My concern is that Bee only is getting the orthodox view and I do acknowledge that within orthodoxy there is much less welcoming. But that is not always found in the progressive streams of Judaism.

They tend to be more welcoming.
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Dena

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PostSubject: Re: One people...   Thu Jun 07, 2012 3:31 pm

tamar wrote:


I know that Dena, I read the article. My point was that the other streams are more welcoming and that orthodoxy does not speak for all Judaism. The article seemed to speak about orthodoxy. My shul has folks of all races.

The article was written by an Orthodox woman so yes, she was speaking of visiting Orthodox shuls. However that doesn't mean this isn't an issue everywhere. It's also not just a problem inside the walls of the synagogue. It's not a denominational debate. So the question is how do we respond? What can we do about it? How can we make sure people do not feel like this in our communities? Those of us who "look Jewish" according to the American stereotype don't have to deal with this so perhaps every once in a while we need to be reminded.
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Bee

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PostSubject: Re: One people...   Thu Jun 07, 2012 5:28 pm

I saw this link and posted it because I have heard about situations like this before but never read about it. I really did not know how to word a description for this thread. I can relate on a smaller scale because I am a minority and have endured racism all my life. The question I have on this article is the reason for the looks or cold shoulders for this person. Is it fear or something else ? It just can't be a race issue? I know when my husband and I get the stares and whispers its usually only at a Judaica store and once we heard "Sephardim" ...I think they couldn't figure out a Filippino and a Mexican. There has been times where they were unhappy of the store owner selling books to us but they always defend us. I think they have a right to investigate and make sure any new comers are legit.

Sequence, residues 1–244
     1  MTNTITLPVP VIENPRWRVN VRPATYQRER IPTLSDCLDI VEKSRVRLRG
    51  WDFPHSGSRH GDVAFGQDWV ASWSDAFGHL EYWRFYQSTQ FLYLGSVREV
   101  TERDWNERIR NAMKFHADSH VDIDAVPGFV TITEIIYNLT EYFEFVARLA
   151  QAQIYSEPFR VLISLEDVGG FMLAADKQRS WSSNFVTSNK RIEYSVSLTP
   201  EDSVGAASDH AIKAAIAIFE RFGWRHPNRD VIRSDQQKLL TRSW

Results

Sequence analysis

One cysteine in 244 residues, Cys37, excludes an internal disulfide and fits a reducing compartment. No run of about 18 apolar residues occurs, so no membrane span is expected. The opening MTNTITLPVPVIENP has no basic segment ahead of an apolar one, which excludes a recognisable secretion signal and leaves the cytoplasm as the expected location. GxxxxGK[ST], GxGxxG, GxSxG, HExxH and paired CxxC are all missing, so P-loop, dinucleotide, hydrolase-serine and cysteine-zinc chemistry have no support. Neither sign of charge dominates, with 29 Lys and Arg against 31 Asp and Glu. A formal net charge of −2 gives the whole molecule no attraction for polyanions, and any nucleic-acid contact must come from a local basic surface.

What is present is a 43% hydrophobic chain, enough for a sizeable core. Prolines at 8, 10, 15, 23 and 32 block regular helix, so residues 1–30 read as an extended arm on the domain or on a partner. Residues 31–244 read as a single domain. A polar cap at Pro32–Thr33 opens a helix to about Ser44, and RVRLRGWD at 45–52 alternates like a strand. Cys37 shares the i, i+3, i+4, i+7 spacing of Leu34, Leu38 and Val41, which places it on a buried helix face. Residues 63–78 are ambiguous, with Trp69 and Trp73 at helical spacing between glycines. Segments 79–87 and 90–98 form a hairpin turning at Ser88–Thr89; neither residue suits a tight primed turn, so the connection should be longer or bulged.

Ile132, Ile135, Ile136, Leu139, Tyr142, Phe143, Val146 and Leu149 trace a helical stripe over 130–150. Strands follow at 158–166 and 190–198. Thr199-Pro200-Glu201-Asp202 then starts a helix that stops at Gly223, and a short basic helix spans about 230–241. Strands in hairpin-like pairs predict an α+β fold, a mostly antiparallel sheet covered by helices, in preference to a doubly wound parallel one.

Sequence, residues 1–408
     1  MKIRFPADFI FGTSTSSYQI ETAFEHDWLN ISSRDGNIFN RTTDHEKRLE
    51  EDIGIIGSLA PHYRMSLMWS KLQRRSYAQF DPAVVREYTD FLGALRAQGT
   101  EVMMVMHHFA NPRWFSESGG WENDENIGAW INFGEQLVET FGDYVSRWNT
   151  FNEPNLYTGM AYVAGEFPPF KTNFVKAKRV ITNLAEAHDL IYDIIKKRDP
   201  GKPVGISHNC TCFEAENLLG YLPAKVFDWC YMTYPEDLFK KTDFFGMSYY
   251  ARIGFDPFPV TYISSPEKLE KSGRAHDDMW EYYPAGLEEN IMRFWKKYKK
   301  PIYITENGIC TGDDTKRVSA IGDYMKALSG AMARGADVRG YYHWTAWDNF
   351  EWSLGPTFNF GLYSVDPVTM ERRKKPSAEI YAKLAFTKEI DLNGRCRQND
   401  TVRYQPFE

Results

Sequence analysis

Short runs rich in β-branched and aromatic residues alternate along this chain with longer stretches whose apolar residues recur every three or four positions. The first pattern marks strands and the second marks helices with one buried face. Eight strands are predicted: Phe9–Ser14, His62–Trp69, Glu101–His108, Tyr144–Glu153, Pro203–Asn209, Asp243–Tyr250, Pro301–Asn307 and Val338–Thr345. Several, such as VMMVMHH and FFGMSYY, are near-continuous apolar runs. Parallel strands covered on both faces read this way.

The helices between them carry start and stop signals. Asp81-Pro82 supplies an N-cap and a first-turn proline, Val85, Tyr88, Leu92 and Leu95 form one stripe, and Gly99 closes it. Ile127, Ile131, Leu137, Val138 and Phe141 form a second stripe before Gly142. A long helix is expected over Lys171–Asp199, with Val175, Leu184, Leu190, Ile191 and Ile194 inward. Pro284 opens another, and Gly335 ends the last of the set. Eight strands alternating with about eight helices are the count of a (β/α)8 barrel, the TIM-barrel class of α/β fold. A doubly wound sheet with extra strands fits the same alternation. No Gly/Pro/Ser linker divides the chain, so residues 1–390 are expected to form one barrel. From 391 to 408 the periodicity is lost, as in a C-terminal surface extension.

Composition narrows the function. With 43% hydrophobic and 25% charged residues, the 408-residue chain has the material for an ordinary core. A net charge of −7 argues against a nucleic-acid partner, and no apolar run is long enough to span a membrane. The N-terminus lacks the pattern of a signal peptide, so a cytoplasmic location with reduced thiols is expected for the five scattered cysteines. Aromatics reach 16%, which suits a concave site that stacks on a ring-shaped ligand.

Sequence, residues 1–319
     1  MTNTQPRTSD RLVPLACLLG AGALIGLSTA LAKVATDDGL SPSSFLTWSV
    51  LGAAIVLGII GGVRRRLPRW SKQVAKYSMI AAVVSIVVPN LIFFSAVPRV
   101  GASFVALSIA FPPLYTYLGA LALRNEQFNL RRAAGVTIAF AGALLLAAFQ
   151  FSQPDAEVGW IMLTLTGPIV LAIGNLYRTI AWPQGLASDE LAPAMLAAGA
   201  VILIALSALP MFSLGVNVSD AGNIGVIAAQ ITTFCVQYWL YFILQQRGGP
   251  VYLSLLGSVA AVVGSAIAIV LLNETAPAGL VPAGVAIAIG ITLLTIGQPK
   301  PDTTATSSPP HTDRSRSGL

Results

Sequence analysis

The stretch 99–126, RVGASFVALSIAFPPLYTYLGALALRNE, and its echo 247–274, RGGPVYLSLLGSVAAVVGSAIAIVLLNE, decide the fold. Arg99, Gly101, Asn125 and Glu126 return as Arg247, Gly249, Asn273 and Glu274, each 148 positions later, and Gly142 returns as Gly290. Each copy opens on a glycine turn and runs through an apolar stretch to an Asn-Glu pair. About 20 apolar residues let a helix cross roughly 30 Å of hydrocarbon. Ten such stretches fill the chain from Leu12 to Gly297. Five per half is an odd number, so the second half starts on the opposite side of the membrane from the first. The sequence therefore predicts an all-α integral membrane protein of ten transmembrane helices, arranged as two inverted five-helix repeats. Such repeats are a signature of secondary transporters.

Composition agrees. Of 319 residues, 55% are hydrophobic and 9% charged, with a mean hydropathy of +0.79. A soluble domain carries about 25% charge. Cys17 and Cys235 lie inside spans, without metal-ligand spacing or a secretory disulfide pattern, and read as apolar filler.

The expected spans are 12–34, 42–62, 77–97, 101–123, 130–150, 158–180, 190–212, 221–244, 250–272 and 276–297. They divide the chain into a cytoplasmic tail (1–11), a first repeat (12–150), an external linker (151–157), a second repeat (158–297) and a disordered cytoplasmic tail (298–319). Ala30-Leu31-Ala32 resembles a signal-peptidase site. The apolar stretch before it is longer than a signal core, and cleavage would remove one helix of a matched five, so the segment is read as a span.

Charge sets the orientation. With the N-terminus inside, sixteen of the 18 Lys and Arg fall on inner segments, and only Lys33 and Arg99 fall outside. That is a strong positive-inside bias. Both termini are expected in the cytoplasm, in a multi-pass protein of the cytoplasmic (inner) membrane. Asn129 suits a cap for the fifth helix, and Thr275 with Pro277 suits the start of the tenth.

Tamar, my husband attends an Orthodox Shul but also on occasion attends a Reform one with me here. There is more reform congregations closer to us than any other affiliations, I believe there are 3 now. The closes one in a nearby town just opened around 4 months ago but I have not attended yet. I personally lean towards MO because on my personal beliefs on Torah & Talmud. The people I encounter at the Reform congregation are wonderful, I just do not connect with them like I do with my Orthodox ones. I am very comfortable with separation and modesty but struggle with the hair covering situation and wigs...I freak out on wigs. My Rabbi's do not expect me to wear head coverings but do expect modesty and do not shake hands. When we first attended the Rabbi was a female and she was extremely wonderful, then when we attended services it was a male Rabbi and he right away shook my hand which I was shocked and did not know how to deal with that and when others came to shake my hand I was feeling confused. I appreciate the friendliness but I just feel I am more at home in a more conservative environment.
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searchinmyroots

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PostSubject: Re: One people...   Thu Jun 07, 2012 6:29 pm

tamar wrote:


My concern is that Bee only is getting the orthodox view and I do acknowledge that within orthodoxy there is much less welcoming. But that is not always found in the progressive streams of Judaism.

They tend to be more welcoming.

I'm not sure if I agree with this statement.

Although it may be true in some areas and in some "circles", there is an overwhelming sense of "welcome" within the Orthodox communities.